One month on from the designated day, we are still coming to grips with the land registration changes brought in under the 2012 Act. Hardly a day goes by without us receiving another update from Registers with new or amended guidance. Keeping on top of it all, and then finding the relevant guidance, is a significant part of the battle.

One area where I consider the profession has been mis-guided is the professorial opinion as to whether solicitors acting for both borrower and lender in the same transaction should be applying for an advance notice in relation to the lender's standard security. This appears in Update 34, issued by Registers of Scotland by email on 17 December 2014, where the conveyancing professors opine that "in the normal case we consider that there is no need to request an advance notice in a dual representation scenario when the solicitor is acting for both borrower and lender". In brief, the rationale given is that advance notices were designed to replace letters of obligation; the classic letter of obligation did not previously protect the lender's standard security; therefore no need for an advance notice in relation to the standard security.

This opinion ignores the fact that an advance notice for the standard security will ensure that neither an inhibition against the borrower nor a competing charge granted by the borrower (via another solicitor), nor for that matter a disposal of the property by the borrower (via another solicitor) will prejudice the security being granted to the lender – and so would ensure that none of these deeds could result in the solicitor having to pay out to the lender for the lender's loss.

The professorial analysis ignores the fact that the purchaser/borrower's solicitor has effectively been indemnifying the lender against these risks from his own pocket, or via his PI cover, for as long as we can all remember. With the introduction of advance notices, why should the solicitor be expected to continue to provide an indemnity in this way when he could get protection from an advance notice in relation to the standard security? This is not about the hassle factor of applying for the advance notice, and ensuring you have the seller's consent to do so; it is about the new system offering a protection for the solicitor against a potential liability to the lender which he/she could, and in my view should, lay off against the cost of an advance notice.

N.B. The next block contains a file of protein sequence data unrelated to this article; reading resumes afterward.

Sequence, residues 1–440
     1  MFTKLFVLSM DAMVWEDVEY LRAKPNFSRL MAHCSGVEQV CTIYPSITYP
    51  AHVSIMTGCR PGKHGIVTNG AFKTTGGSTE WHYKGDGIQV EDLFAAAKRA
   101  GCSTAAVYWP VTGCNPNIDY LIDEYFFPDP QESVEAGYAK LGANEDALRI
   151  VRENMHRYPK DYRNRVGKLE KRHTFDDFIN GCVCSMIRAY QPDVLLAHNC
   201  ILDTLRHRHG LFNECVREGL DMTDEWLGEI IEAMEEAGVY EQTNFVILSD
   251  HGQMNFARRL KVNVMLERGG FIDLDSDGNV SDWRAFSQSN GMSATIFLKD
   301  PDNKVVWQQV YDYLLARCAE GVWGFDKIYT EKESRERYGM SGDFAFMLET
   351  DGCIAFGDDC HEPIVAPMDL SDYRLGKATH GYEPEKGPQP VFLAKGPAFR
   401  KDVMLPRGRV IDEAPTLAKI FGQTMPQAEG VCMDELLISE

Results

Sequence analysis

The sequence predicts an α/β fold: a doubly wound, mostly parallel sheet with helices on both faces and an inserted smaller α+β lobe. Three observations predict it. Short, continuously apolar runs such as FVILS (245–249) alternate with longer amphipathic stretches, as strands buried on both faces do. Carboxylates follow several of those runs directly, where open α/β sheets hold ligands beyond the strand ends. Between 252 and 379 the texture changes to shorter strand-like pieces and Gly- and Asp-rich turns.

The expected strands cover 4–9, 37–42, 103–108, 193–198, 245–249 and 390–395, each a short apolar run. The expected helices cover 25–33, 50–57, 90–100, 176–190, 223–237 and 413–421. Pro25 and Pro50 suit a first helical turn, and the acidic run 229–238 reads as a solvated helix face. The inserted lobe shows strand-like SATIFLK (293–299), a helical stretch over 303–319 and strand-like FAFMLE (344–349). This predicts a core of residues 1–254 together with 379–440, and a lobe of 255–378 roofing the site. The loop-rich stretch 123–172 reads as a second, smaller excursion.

If the profession were to apply for advance notices for standard securities, I expect that the number of claims against the Master Policy would fall, and therefore the premiums that we all pay should reduce over time. That appears to me to be a logical conclusion.

The practice on this point will no doubt crystallise once the CML updates the Lenders' Handbook for Scotland to reflect the 2012 Act changes.

John Lunn, Morton Fraser LLP, Edinburgh